New Zealand has enacted legislation barring the sale of cigarettes to anybody born after January 1, 2009, in what may be described as one of the world’s strongest crackdowns on the tobacco industry. It is another step toward the government’s objective of eliminating smoking in the country by 2025.
A brief about New Zealand approves the world’s first smoking ban for future generations
According to The Guardian, the number of establishments legally licenced to sell cigarettes will be decreased by a tenth across the country, from 6,000 to 600. The legislation passed its final reading on Tuesday evening and will take effect in 2023, as New Zealand tries to become “smoke-free” by 2025.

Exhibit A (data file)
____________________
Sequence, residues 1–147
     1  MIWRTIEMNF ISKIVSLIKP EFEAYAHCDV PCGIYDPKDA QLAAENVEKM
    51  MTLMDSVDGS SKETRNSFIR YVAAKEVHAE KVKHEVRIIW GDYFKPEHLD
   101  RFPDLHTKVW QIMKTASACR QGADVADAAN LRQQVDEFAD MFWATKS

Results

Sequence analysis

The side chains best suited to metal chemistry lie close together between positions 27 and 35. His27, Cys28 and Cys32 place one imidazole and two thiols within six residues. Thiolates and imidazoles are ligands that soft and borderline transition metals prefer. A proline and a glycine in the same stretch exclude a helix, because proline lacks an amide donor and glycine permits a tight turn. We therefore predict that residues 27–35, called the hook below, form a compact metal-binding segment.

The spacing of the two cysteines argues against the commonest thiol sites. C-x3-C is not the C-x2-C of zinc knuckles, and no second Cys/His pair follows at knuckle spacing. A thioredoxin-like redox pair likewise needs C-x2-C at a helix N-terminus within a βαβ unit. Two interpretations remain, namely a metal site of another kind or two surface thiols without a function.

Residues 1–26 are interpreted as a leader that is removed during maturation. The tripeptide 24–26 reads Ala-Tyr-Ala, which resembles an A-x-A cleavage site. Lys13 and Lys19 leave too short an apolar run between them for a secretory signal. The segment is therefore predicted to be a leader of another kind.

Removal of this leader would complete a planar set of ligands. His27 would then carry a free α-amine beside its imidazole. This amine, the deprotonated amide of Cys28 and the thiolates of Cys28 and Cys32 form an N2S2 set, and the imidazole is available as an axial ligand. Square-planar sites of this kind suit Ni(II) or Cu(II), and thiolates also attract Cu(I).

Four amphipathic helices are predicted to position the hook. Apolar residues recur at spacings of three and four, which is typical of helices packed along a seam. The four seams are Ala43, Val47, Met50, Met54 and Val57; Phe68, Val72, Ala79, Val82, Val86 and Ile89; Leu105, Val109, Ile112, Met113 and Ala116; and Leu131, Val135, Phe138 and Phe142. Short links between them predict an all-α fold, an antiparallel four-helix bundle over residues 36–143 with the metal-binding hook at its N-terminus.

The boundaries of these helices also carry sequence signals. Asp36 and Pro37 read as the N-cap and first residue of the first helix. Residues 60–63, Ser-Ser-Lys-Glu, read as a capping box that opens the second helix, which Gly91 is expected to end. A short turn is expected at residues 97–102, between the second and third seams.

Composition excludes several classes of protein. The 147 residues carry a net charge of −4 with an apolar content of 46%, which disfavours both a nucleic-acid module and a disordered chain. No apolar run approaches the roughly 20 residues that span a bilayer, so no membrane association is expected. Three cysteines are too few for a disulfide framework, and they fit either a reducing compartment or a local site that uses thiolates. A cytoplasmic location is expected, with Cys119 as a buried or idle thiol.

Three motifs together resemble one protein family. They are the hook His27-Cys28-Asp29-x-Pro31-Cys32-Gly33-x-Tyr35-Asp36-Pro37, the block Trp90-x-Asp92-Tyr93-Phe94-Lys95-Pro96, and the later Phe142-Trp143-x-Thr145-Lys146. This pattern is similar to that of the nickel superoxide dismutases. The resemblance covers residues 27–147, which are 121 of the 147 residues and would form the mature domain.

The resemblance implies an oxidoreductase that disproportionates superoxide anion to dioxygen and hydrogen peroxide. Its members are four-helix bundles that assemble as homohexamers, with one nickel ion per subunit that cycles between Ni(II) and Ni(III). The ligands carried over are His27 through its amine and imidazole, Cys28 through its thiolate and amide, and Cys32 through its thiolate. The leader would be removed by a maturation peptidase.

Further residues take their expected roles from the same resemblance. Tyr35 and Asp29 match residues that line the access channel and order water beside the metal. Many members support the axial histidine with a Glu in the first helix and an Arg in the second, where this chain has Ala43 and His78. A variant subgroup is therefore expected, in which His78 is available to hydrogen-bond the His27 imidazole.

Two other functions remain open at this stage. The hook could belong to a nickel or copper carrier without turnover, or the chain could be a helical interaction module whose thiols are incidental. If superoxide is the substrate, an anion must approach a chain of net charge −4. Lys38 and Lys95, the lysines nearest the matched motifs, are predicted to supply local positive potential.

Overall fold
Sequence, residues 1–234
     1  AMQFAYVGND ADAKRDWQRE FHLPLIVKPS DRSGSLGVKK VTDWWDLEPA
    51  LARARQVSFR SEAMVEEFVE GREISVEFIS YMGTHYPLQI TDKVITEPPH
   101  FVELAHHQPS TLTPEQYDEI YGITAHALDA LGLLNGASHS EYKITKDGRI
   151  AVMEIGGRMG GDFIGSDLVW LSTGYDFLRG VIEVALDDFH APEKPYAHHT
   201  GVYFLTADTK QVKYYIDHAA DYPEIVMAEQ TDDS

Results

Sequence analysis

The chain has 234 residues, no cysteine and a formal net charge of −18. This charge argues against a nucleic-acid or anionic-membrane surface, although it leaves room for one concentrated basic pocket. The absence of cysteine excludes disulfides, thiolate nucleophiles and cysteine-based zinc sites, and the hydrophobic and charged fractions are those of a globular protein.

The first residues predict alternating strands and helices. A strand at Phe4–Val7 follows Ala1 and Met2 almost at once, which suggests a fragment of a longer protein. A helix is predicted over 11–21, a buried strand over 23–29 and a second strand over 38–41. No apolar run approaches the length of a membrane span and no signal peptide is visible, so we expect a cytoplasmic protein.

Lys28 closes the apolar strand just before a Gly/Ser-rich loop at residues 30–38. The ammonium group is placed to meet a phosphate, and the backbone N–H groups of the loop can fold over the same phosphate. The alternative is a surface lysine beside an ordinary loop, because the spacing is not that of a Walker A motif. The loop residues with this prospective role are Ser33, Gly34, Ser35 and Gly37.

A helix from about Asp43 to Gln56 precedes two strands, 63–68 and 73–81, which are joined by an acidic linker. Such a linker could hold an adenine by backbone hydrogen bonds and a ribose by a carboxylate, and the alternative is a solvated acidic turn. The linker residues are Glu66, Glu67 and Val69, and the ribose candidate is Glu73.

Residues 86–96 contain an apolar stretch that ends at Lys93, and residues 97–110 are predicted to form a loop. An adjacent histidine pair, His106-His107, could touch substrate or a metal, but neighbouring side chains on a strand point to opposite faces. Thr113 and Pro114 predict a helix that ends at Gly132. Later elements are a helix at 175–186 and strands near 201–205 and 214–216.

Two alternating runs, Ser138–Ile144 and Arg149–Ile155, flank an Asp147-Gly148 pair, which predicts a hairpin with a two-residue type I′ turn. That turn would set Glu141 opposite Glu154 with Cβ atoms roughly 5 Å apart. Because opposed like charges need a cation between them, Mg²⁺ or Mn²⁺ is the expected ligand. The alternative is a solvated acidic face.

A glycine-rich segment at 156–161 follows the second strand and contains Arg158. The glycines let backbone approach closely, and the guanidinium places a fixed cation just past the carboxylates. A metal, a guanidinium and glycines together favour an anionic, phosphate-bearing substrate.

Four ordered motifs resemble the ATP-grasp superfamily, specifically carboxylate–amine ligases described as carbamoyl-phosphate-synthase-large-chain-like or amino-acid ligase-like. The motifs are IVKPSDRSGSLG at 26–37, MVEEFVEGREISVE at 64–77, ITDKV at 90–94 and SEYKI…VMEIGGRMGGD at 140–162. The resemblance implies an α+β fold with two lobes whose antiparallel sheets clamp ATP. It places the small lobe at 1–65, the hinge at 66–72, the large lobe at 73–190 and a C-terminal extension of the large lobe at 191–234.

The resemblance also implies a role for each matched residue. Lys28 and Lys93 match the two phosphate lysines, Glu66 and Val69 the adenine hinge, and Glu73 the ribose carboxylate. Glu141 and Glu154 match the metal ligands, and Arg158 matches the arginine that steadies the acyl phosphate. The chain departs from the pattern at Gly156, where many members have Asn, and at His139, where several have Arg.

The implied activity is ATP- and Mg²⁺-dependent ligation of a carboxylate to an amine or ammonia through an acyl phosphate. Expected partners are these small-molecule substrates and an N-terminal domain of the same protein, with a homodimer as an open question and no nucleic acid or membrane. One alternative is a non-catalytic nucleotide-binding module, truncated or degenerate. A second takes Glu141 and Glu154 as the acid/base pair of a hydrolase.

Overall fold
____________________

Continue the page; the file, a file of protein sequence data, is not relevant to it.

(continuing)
During the law’s passage on Tuesday, Associate Health Minister Ayesha Verrall stated that “thousands of people will live longer, healthier lives, and the health system will be $5 billion better off by not having to treat the illnesses caused by smoking, such as numerous types of cancer, heart attacks, strokes, and amputations.”
The Smokefree Environments and Regulated Products (Smoked Tobacco) Amendment Bill, according to The New Zealand Herald, proposes three major changes:
- Reduced nicotine concentration in smoked tobacco products.
- Reducing the number of cigarette sellers.
- Making certain that tobacco is not sold to anyone born on or after January 1, 2009.
After clearing its final reading in Parliament with support from Labour, the Greens, and Te Paati Maori, the measure is now likely to become law.
In New Zealand, the smoking rate is already low, with only 8% of persons smoking daily, down from 9.4% a year and a half ago and half the rate ten years ago.